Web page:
David Suzuki: Canada must do more to confront climate crisis
People who deny the reality of human-caused global warming are wetting their pants over the illegal theft and release of e-mails from scientists at the East Anglia Climate Research Unit. In their desperation, the deniers claim the e-mails point to a global conspiracy by the world’s scientists and government leaders to”¦
Well, it’s hard to say what they believe the conspiracy is about. A letter to a Vancouver newspaper some time ago indicates the way many of them think. The writer claimed that people working to address global warming “are ideological zealots pursuing a quasi-religious socialist agenda to command and control western economies”.
It would be funny if it didn’t echo the thinking of so many people—even some in influential positions in government and industry—and if the situation weren’t so critical.
Sadly for the deniers and for all of us, the e-mails don’t show that global warming is a grand hoax or conspiracy. They do nothing to diminish the decades of overwhelming scientific evidence that the Earth is not only warming largely because of emissions from burning fossil fuels but that it’s worse than we thought. Recently, 26 scientists from Germany, France, Switzerland, Austria, Canada, the U.S., and Australia released a report showing that the impacts of global warming are occurring faster and are more widespread than other reports from the United Nations Intergovernmental Panel on Climate Change had projected.
The report, titled The Copenhagen Diagnosis, summarized the most recent research from around the world, which shows that Arctic sea ice is melting faster than we thought, that both Greenland and Antarctica are losing more ice than predicted, and that sea levels are rising more quickly than anticipated. The scientists conclude that the Earth could reach several “tipping points” if we keep pumping emissions into the atmosphere at the same rate.
The report also quashes the myth of “global cooling” that has been “promoted by lobby groups and picked up in some media.” The report’s authors conclude that “even the highly ”˜cherry-picked’ 11-year period starting with the warm 1998 and ending with the cold 2008 still shows a warming trend of 0.11 ° C per decade.”
It’s astounding that those who deny that climate change exists or that it is human-caused, either out of self-interest or ignorance, are willing to see some grand conspiracy in a handful of stolen emails but are unwilling to see the undeniably clear evidence of the impacts of climate change already occurring around the world.
Despite the overwhelming scientific evidence, world leaders are dragging their heels in the lead-up to the Copenhagen climate summit this month. As University of Victoria climate scientist Andrew Weaver notes, in abandoning the idea of reaching a binding agreement in Copenhagen, world leaders are essentially saying that they don’t believe they owe anything to our children and grandchildren.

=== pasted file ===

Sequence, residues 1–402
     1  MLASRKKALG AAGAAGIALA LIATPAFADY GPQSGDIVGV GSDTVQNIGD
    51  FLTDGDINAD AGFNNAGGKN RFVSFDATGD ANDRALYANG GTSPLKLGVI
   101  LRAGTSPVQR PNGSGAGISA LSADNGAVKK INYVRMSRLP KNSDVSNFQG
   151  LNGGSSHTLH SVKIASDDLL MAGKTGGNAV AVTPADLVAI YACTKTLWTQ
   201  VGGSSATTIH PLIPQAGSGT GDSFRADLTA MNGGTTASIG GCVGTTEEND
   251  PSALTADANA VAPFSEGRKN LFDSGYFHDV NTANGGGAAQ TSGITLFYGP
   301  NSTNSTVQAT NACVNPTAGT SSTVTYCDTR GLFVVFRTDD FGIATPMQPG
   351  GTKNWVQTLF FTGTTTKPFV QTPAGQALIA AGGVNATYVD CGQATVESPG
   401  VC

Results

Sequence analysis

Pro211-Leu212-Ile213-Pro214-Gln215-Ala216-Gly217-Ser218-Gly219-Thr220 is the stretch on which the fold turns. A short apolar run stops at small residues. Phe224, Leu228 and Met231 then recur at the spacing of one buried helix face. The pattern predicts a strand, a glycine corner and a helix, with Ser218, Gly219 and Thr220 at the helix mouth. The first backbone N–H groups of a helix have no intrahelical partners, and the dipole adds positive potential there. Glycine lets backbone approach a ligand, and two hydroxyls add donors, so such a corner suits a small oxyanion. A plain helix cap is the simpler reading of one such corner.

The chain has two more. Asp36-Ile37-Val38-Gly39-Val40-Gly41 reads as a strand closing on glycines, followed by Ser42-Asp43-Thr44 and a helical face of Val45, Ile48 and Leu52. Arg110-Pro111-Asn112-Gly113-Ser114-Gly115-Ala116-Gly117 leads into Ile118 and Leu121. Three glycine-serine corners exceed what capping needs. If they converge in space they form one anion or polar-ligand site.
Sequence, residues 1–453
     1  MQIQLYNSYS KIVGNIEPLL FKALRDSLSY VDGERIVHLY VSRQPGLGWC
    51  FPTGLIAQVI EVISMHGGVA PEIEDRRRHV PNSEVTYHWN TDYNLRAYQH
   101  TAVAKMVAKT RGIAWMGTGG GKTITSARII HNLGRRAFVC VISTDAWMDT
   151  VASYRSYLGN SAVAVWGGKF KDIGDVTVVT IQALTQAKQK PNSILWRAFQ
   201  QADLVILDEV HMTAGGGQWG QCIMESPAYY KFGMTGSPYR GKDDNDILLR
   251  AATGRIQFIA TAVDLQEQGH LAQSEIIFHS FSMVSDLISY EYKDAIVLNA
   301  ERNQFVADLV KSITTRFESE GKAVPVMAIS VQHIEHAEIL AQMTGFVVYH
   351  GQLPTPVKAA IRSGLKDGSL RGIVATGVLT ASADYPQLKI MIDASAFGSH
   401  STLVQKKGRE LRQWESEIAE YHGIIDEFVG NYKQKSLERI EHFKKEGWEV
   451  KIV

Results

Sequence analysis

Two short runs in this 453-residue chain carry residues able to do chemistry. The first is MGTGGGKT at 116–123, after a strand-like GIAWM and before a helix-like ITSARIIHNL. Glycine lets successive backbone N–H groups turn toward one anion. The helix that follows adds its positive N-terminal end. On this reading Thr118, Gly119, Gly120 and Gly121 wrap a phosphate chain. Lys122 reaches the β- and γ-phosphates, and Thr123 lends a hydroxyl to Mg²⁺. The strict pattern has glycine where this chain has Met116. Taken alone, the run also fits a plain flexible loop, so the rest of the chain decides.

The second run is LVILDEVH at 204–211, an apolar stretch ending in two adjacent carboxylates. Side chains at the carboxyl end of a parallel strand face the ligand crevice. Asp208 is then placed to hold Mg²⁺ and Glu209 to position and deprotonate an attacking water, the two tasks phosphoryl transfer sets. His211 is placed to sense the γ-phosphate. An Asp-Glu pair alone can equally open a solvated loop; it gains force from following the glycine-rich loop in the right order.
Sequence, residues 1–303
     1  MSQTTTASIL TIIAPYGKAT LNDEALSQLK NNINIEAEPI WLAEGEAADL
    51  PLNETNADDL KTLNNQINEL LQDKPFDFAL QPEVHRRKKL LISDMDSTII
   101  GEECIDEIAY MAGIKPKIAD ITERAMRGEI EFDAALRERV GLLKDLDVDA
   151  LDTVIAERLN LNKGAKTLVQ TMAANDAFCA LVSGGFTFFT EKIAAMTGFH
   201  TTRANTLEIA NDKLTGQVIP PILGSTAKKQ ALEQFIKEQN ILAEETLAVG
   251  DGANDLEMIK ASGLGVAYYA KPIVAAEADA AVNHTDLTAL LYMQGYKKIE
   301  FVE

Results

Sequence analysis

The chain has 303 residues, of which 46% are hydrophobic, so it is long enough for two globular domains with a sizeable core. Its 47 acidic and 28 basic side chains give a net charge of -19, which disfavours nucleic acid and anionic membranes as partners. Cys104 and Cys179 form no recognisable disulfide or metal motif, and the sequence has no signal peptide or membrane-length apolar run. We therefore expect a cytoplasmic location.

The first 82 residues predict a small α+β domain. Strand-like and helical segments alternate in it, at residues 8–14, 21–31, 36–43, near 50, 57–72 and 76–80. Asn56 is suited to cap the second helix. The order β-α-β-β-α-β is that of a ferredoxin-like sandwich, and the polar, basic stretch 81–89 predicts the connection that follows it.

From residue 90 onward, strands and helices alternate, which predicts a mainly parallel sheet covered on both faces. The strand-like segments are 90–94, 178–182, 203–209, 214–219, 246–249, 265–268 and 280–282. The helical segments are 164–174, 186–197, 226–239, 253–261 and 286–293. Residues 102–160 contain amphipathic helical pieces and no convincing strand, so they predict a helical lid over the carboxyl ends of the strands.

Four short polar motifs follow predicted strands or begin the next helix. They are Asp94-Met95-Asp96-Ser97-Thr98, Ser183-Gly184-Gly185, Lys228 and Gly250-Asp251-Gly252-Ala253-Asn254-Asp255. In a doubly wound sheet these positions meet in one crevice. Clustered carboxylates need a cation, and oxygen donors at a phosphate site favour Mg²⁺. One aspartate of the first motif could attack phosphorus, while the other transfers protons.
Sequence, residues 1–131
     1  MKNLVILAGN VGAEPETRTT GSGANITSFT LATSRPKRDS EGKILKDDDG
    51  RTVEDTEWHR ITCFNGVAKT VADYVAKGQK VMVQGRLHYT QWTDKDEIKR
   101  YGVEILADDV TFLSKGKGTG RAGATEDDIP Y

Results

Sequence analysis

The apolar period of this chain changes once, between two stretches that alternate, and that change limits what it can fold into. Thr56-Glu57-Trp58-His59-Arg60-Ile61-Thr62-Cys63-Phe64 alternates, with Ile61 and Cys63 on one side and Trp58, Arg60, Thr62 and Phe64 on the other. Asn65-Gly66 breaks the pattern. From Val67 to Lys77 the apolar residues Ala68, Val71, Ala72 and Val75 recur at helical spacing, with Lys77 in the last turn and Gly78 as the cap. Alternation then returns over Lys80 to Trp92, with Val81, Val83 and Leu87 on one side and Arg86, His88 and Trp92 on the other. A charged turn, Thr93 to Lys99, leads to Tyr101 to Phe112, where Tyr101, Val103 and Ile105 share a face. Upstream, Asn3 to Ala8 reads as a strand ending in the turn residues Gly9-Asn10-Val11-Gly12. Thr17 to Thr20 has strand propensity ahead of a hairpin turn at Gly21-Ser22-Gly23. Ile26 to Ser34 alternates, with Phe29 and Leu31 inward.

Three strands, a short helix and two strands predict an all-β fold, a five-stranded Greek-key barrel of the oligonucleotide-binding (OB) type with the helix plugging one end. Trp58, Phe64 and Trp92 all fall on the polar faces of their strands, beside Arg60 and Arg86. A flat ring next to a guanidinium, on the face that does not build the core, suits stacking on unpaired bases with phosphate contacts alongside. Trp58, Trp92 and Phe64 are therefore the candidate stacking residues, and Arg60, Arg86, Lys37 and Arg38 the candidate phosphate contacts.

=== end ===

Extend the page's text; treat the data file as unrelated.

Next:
Unfortunately, Canada has a poor record on climate change and international negotiations to address the problem. Our government argues that the economy takes precedence over the environment. It’s incredibly short-sighted to think that a healthy economy can be maintained when the health of the planet is failing. And it’s absurd to pin our economic hopes on extracting limited supplies of dirty fossil fuels in a world that is increasingly switching to cleaner forms of energy.
Our prime minister wasn’t even planning to attend the Copenhagen summit until U.S. President Barack Obama announced that he was going. Canadians citizens can take some credit for the prime minster’s about-face. He is said to have reconsidered in part because of a recent Angus Reid poll that indicated most Canadians want him to attend.
Beyond the poll, hundreds of thousands of Canadians have told the government that we must work toward an agreement that is fair, ambitious, and binding. And 3,000 scientists recently sent an open letter urging the government “to negotiate an outcome that will rapidly and adequately address climate change”.
One of the strongest messages came from a coalition of representatives from the developing world, Commonwealth secretary-general Kamalesh Sharma, former U.K. international development secretary Clare Short, climate scientist Saleemul Huq, and British environment and development groups. They argue that Canada should be suspended from the Commonwealth for ignoring the impact of climate change on the world’s poorest countries.
Our leaders have a historic opportunity in Copenhagen to address the most serious crisis that humanity has faced. As citizens, we have the responsibility to let them know that we expect them to act.
Learn more at www.davidsuzuki.org.